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Prof. Dr. Wilfried Schlter, President EDE Source: Internet Site of the European Association for Directors of Residential Care Homes for the Elderly E.D.E. 35 Employment in social care in Europe, Summary p.9 European Foundation for the Improvement of Living and Working Conditions, 2006 website: www.eurofound.eu.int 36 Although federalism in Europe is not only a Swiss issue, this point has been raised by Swiss participants.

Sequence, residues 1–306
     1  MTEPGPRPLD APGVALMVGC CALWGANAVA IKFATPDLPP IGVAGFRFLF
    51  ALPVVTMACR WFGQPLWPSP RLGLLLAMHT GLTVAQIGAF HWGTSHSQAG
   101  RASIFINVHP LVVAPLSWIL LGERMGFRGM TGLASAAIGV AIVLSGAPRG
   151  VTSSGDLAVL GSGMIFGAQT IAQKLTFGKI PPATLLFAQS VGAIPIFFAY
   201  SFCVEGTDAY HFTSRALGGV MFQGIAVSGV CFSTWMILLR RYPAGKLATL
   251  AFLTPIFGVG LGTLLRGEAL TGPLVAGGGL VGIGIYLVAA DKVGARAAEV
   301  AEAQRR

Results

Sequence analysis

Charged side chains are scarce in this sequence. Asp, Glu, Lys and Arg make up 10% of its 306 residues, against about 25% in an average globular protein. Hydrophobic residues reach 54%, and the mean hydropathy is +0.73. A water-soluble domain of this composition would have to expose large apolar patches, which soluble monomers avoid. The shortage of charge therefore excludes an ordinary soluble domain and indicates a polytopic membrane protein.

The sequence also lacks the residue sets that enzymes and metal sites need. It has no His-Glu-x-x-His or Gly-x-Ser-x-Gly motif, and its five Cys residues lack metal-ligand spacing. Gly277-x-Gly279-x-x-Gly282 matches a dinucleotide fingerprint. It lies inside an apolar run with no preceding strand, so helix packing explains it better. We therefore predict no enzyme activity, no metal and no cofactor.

The conclusions of the feasibility study show that there are four types of perceptions considering European standardisation. Majority of stakeholders (BSI consumer representative, AGE representative, FIAPA, AROMDEMS, Fondation Mdric Alzheimer, Equalin project representatives, IAGG, Hacettepe University representative): In favour of European Standardisation documents and identified possible work items A part of stakeholders: Mixed support to European standardisation or interrogations on European Standardisation relevance (ANEC, Social Platform) c) Minority of stakeholders (SALAR) : No support of European Standardisation a) A majority of stakeholders are in favour of European Standardisation and identified possible work items Stakeholders directly dealing with European issues of protection of users and older people pointed out many reasons for having European standards to improve the quality of services at European level. Differences between countries have of course to be taken into account and they should be considered in any standardisation work. Most stakeholders have concrete needs regarding the improvement of residential homes for older people services; A majority of stakeholders perceive that European standardisation can contribute to improve the quality of Residential Homes for Older people Services; A majority of stakeholders identified some possible work items in order to increase the need of improvement of quality of Residential Homes for Older People Services. In this category, the stakeholders are supporting European standardisation, without any distinction between the types of documents (guidelines, standards, etc). b) Mixed support or interrogations on European Standardisation relevance A part of the stakeholders underlines the importance of European standardisation for this field of activity but at the same time described some situations in which European standardisation should be carefully considered. Some stakeholders are considering that European standardisation is an important tool but probably not in itself. The limits of European standardisation have to be well defined and standards, if any are to 37 be developed in a larger European legislative frame (ANEC, EDF) . The concern was about the voluntary aspect of standardisation. For some participants (ANEC, Caritas), quality of services in general and more specifically the safety aspect (ANEC) is a very central issue and cannot be let to voluntary application. It is thus recommended by ANEC that legislation should first define the quality of services framework in which standards can be developed. DG employment representatives were concerned about the delimitation of member states competence and European standardisation competence. Residential Homes for Older Persons are included in the large debate of social services of general interests involving public authority, services providers, users. This suggests that coordination between CEN and DG employment work on quality framework document is needed. As the services offered in residential homes for older people are services of general interest, they are regulated within member states. For DG employment, if European standardisation is to be considered it is only as embedded in a larger European work on quality principles (DG Employment) defined at member state level, as in the Open Method of Coordination. This means that if some European standardisation is to be done on those services (Social Services of General Interest), some coordination would be needed with DG Employment.